Change may be on the horizon for 2020. If you can relate, keep reading.
The Lord had said to Abram, “Go from your country, your people and your father’s household to the land I will show you.” – Genesis 12:1
I can imagine that many of us will have to “drop” some things during this season as God continues to refine, prune, and mold/shape us for the sake of his will and Glory. These are not always the most comfortable moments as some long-term commitments are all of a sudden becoming modified or non-existent and more casual pursuits are evolving into something more permanent. God has a way of showing us just how strategic he is when our comfort zones are turned completely upside down.
I’m sure a lot went through Abram’s mind in Genesis 12 as he packed his family and belongings up and traveled on a road that was unfamiliar. Keep reading further and it seems like Abram’s journey was a day-by-day, moment-by-moment kind of excursion. All he knew was that God told him to leave the old places behind and this was enough.
How can we “travel light” – knowing that God’s leading to something different is enough for us as well?
We must take separation from the past very seriously.
This is sometimes tough, especially when we’ve felt attachment to certain things. But there was a reason God was calling Abram out of his native land. He wasn’t just forfeiting a two-story home, sprawling backyard, and wrap-around porch – figuratively speaking. God was ultimately calling Abram unto himself to worship. The separation was not about hate or neglecting folks, but it was a nurturing of a deeper dependence on God who wanted to purposefully multiply a nation through him. Abram’s former environment just wouldn’t do.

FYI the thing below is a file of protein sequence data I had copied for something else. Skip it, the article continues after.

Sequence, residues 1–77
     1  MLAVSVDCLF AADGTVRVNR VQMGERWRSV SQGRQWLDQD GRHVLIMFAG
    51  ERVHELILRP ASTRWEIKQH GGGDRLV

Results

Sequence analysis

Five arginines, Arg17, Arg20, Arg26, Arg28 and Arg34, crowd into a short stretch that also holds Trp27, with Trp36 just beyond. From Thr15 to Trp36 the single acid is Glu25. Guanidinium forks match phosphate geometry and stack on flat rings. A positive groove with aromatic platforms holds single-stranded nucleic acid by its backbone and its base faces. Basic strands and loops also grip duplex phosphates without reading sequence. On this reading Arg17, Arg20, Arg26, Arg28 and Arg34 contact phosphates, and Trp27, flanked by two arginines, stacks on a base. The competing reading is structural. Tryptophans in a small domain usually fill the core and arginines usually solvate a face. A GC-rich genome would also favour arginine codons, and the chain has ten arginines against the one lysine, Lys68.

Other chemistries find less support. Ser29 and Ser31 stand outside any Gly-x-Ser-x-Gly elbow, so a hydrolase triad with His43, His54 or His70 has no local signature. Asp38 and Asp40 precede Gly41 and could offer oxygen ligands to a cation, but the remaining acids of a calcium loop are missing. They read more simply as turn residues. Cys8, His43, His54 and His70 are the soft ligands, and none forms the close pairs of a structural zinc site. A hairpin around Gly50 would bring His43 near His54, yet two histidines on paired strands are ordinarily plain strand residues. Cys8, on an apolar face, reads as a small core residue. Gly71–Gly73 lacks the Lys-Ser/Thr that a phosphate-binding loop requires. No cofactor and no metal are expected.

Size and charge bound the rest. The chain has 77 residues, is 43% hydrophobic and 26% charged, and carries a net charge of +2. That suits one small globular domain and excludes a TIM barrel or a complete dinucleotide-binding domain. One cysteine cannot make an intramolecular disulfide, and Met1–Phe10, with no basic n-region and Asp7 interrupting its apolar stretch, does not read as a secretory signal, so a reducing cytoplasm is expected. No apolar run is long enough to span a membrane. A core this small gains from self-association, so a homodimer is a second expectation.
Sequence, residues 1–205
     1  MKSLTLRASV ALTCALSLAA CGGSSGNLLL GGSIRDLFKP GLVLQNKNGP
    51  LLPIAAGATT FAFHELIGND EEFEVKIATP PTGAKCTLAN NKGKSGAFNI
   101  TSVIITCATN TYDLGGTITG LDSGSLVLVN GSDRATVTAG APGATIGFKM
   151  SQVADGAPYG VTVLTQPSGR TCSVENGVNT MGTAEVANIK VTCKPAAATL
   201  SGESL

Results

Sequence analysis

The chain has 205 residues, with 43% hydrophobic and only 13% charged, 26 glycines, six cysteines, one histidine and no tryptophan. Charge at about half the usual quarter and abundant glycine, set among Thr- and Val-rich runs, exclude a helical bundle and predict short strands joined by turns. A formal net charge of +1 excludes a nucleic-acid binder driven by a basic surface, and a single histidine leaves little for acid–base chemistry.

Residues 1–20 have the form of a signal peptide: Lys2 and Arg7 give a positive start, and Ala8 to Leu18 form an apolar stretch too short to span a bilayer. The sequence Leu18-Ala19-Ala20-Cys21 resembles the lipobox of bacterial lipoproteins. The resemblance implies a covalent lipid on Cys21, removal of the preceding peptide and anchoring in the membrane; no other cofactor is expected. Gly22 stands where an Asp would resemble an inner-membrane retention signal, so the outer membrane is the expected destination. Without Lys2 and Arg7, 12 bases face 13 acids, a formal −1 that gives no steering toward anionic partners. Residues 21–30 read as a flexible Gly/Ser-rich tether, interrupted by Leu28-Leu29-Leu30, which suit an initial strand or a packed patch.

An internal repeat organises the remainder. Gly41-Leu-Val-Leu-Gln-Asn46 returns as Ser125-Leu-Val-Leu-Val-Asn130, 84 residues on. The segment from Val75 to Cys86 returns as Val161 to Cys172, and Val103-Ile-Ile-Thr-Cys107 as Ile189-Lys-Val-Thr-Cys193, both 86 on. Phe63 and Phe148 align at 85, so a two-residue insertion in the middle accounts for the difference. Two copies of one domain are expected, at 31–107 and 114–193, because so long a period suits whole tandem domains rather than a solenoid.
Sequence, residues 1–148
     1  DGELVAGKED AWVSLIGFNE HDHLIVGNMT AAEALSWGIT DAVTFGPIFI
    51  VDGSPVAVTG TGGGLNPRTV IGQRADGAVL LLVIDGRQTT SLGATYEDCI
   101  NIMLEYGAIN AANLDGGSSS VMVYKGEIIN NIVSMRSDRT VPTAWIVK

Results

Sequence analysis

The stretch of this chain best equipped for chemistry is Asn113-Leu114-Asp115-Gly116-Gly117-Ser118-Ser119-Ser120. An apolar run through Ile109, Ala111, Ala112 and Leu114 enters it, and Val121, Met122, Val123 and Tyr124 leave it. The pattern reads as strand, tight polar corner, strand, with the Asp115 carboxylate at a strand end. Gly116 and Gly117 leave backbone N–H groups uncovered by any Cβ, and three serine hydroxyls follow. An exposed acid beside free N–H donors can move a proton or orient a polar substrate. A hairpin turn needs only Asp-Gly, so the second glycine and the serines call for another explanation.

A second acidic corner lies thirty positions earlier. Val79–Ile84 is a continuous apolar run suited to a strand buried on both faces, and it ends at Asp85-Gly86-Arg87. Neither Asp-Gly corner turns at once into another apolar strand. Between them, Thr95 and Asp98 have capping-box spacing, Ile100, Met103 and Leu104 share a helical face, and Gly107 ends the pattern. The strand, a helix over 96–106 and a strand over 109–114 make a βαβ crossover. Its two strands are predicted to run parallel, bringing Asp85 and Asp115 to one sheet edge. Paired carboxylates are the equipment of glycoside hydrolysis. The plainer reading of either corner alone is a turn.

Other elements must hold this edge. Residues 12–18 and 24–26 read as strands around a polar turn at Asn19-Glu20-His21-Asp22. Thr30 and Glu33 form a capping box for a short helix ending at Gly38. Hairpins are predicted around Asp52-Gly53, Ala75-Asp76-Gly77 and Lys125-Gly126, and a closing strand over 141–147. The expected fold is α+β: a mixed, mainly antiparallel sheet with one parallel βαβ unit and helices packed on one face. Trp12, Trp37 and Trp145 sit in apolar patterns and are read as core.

How are our own former environments not conducive anymore? How do they hinder our spiritual growth or serve as idols. “Traveling light” becomes a lot less complicated when we are wholeheartedly disconnected from the very things God desires us to leave behind. The disconnection voices something so wonderful and beautiful: God is enough and the journey that he allows is enough.
We can be sure Abram needed strength for the journey as we do too. He found this in God’s presence – in moments of worship and intimacy with the Lord who was not only the God of his transition but also the God of his heart.
6 Abram traveled through the land as far as the site of the great tree of Moreh at Shechem. At that time the Canaanites were in the land. 7 The Lord appeared to Abram and said, “To your offspring I will give this land.” So he built an altar there to the Lord, who had appeared to him.
8 From there he went on toward the hills east of Bethel and pitched his tent, with Bethel on the west and Ai on the east. There he built an altar to the Lord and called on the name of the Lord.
9 Then Abram set out and continued toward the Negev. (Genesis 12)
What if life as you know it is turned upside down?
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